Seven Remarkable Mothers In the Bible

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A mother’s love is fierce and, at times, even stubborn to a fault. Mothers are nurturers – a role that can be consuming, causing some to do the wrong “right” things at times out of an urge to simply be helpful. Yet, it is their relentless and unconditional love straight from God that encourages and keeps children long into adulthood. In honor of Mother’s Day, let’s take a look at the stories of seven remarkable mothers in the Bible who weren’t perfect, but are relatable to every mother in some way and teach us all lessons of love, faith and resilience.


The Original Mother (More specifically, of Cain, Abel, Seth and several unnamed others)

Eve was the first woman and the first mother. Without a single role model or mentor, she paved the maternal way to become “Mother of All the Living.” She and her mate Adam lived in paradise, but their humanity led them to spoiling it by falling for Satan’s trap instead of obeying God. Eve also suffered terrible grief when her son Cain murdered his brother Abel, yet despite these tragedies, she went on to fulfill her part in God’s plan of populating the Earth.


Mother of Isaac

Sarah was the wife of Abraham, which made her destined to be the mother of the nation of Israel. She was a good wife, a loyal helper and builder with Abraham. God’s promise to Abraham that he would be the father of many nations led Sarahto attempt to “help God” and “fix” the situation by giving her handmaiden Hagar to Abraham as her maternal “stunt double” when she was unable to conceive a child according to her timing. Nonetheless, it was Sarah whom God planned to be the mother of the nation of Israel, and as such He allowed her to conceive in her old age.


Mother of Aaron, Moses, and Miriam

After Pharaoh ordered all Israelite male babies to be killed, Jochebed gave birth to Moses and secretly took care of him for three months – a blatant act of civil disobedience. After she could no longer hide him, she trusted him to God by creating a boat and setting him into the Nile. Moses’ sister served as lookout as he journeyed and witnessed Pharaoh’s daughter pull him out of the Nile. Pharaoh’s daughter had compassion for the child, whom she knew was a Hebrew, and secured the services of his biological mother Jochebed to nanny him and he became Pharaoh’s grandson. Jochebed shows us that the determination and ingenuity of a desperate mother, even giving up her baby for “adoption,” can result in surprising circumstances.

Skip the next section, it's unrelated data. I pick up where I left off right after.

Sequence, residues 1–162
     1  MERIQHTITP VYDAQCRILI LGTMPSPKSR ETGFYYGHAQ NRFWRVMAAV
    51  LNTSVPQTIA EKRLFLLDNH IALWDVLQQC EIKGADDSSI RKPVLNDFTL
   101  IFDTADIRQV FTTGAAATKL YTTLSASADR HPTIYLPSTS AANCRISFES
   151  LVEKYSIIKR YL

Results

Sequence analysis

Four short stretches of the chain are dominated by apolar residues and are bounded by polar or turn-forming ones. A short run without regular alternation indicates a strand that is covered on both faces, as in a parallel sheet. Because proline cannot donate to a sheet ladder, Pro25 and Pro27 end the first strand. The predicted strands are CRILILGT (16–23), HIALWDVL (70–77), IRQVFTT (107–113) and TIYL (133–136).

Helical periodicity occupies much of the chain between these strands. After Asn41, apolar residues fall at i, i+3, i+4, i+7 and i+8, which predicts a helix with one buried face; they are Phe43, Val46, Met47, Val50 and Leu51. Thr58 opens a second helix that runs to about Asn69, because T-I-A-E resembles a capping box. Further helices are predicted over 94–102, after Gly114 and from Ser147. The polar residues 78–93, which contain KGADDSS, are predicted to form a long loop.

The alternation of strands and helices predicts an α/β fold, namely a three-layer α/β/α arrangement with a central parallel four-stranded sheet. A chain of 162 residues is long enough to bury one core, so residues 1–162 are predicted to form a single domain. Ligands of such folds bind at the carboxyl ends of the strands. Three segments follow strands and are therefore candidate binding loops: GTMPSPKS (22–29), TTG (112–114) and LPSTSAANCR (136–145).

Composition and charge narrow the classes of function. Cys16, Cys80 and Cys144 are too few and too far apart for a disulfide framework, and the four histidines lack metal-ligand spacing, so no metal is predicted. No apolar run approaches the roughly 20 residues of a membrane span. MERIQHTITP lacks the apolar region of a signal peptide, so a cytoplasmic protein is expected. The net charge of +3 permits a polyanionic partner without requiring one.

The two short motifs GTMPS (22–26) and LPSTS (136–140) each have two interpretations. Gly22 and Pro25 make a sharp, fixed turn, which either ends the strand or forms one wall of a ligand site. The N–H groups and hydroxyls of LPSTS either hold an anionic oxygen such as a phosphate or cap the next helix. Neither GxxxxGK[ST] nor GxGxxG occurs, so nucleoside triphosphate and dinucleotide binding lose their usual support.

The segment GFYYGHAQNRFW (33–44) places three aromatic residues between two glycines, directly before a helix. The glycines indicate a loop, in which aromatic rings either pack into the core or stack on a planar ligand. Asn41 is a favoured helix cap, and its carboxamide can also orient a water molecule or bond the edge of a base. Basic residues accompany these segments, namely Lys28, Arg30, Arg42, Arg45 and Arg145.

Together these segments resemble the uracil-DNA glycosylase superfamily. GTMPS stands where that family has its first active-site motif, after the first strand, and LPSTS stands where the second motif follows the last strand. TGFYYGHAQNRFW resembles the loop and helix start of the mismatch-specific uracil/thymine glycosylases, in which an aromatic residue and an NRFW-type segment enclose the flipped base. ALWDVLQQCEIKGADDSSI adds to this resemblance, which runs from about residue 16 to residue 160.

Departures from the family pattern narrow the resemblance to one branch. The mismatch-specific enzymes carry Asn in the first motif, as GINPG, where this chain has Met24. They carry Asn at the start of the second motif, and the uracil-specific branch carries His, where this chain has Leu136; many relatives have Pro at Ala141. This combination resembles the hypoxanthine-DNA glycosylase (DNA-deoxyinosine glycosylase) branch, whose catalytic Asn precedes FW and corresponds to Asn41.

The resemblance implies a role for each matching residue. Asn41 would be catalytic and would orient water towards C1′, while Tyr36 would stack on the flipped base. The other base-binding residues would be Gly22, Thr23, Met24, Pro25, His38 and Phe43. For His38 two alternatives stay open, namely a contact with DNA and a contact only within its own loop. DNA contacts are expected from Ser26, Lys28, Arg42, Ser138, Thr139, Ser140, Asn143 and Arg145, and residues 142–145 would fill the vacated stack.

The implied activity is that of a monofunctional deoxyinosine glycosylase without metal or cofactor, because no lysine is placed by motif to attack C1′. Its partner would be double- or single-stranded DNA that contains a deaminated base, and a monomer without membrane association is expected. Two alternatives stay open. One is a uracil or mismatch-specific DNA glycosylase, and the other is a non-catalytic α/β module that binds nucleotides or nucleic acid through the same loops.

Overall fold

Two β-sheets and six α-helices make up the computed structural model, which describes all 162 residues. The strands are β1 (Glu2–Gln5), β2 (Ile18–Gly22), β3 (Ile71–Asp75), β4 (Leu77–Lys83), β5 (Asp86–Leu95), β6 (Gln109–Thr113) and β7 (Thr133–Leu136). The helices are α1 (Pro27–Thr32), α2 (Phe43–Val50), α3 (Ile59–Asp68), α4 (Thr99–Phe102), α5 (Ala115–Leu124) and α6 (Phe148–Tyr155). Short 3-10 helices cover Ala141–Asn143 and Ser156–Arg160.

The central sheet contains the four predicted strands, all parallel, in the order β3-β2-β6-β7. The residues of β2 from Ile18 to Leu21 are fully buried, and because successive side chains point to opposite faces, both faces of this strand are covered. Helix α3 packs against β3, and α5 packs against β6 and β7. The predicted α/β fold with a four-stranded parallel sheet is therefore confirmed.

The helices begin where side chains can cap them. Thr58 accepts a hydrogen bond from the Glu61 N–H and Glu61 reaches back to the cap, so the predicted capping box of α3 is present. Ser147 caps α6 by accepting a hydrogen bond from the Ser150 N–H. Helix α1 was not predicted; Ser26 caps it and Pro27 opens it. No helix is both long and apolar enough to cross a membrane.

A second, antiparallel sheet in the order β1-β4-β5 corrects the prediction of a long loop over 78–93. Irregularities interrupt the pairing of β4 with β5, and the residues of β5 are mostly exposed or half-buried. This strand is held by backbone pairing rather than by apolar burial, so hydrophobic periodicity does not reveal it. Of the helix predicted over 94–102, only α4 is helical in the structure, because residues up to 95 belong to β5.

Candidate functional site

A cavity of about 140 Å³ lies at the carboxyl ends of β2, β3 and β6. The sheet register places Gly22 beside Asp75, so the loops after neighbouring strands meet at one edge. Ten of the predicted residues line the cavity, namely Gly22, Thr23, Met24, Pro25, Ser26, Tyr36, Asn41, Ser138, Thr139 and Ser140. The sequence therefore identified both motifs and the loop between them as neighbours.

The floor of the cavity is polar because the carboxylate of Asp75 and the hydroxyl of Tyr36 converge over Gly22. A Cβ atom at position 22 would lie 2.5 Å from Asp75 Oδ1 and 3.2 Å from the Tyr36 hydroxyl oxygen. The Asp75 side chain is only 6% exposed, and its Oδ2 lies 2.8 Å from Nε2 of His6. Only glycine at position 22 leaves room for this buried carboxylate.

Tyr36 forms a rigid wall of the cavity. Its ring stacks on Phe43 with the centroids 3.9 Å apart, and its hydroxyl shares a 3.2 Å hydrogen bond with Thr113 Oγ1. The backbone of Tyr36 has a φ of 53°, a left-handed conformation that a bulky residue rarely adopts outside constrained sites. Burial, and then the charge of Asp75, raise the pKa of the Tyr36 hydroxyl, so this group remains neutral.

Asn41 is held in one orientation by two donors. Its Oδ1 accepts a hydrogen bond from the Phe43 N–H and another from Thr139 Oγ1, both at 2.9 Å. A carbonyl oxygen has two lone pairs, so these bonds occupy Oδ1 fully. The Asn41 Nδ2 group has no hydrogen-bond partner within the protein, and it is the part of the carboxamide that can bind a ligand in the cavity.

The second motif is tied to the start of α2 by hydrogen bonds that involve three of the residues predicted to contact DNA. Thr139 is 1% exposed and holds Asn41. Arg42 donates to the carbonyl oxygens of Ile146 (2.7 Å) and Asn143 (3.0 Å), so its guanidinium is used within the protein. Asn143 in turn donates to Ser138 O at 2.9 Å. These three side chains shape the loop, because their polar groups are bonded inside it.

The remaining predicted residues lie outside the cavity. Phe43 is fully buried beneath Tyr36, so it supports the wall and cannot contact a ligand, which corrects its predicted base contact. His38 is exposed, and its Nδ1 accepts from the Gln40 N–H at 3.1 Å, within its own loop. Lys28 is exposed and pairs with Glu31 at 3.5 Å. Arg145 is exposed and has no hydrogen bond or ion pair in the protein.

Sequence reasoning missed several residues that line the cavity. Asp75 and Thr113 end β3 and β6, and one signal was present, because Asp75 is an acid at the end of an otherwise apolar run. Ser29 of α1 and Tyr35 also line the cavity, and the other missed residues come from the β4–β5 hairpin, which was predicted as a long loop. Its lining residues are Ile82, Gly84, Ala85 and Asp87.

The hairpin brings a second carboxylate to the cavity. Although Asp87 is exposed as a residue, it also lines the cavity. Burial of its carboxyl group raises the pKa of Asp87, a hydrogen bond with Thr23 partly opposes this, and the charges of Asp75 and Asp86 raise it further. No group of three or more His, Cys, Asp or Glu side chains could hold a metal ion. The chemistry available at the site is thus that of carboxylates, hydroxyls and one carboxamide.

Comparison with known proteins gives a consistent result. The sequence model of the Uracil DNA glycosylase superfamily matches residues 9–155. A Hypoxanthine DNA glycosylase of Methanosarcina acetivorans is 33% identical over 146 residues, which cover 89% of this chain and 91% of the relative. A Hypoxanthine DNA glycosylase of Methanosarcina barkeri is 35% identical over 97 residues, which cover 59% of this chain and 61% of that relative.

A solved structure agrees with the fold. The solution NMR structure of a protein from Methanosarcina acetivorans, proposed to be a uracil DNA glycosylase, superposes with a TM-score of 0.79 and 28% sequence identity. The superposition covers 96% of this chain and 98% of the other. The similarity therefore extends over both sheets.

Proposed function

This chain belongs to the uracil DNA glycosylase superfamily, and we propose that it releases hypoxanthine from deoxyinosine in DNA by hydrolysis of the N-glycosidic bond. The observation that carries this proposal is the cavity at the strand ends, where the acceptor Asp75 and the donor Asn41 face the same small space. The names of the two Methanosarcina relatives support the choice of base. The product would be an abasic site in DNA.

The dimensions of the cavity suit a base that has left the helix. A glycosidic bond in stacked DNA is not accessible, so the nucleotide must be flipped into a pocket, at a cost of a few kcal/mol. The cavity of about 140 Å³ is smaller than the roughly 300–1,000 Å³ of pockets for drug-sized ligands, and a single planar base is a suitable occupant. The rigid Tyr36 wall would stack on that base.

Mother of Samuel the Prophet

Like several other mothers in the Bible, she knew what it meant to suffer long years of barrenness. In Hannah’s case, she was cruelly taunted by her husband’s other wife. But Hannah never gave up on God. Her heartfelt prayers were answered when she conceived and gave birth to a son, Samuel, whom would later become a prophet. Just as God remembered Hannah, Hannah remembered the promise she made to God that if she bore a son, she would give him back for God’s service. She handed her young child Samuel over to Eli for training as a priest. As a reward for

her selflessness, God favored Hannah with five more children, bringing great blessings to her life.